Over the past two weeks there has been lots of public huffing and puffing over the inclusion (and then exclusion) in the stimulus package of a provision for contraception. Much of the discussion was little more than media hot air, unanchored by anything as weighty as facts. The media discussion was notable for among other things: the absence of experts. To cite one blunder: the shock media gleefully tore into the supposed controversy of a $200 million allocation of taxpayer money for pregnancy prevention, despite the fact that there was no $200 million allocation of taxpayer money for pregnancy prevention. That fable sadly got passed off as fact. In reality, the bill proposed an administrative change that would have saved the states 200 million dollars in five years. (This “mistake” was courtesy of Rep. John Boehner, a friend of the anti-contraception movement.)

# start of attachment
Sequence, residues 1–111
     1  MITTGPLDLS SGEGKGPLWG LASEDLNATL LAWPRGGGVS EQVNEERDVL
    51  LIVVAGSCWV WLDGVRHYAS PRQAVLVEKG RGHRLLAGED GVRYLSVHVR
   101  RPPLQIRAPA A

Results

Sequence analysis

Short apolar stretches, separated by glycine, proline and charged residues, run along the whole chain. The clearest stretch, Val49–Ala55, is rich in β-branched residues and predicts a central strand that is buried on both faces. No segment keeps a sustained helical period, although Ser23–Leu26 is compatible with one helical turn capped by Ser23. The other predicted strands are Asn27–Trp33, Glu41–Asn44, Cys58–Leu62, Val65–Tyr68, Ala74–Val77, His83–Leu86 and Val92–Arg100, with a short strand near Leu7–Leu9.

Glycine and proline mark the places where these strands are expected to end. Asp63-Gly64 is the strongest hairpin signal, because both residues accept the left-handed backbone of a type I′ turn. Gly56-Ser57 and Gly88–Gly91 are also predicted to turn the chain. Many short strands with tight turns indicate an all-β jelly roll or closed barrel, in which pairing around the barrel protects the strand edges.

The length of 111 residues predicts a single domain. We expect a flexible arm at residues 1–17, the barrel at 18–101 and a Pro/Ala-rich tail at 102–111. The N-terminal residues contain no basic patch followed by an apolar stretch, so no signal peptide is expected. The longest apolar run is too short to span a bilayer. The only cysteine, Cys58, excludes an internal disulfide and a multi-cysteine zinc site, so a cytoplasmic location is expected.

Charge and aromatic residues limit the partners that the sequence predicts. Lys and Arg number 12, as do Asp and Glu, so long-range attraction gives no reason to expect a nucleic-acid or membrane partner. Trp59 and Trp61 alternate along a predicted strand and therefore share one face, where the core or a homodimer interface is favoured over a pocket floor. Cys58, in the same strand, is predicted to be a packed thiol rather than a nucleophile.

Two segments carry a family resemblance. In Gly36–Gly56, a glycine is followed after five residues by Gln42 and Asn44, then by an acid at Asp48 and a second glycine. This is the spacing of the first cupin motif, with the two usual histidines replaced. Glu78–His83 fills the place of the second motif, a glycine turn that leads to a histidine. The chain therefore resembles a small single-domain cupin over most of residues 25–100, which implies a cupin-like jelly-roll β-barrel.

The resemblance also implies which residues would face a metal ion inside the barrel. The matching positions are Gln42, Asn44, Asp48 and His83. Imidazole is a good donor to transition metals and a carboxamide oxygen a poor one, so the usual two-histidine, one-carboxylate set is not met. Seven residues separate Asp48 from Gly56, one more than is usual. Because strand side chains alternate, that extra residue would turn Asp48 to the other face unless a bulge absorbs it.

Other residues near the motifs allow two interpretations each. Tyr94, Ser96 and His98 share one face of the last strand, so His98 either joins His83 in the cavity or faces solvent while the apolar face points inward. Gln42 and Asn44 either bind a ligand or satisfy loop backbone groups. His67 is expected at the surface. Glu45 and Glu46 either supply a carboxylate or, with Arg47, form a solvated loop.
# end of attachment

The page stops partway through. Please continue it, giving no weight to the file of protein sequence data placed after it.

In all this, a more important point has been mangled. And that is that family planning has profound economic benefits.
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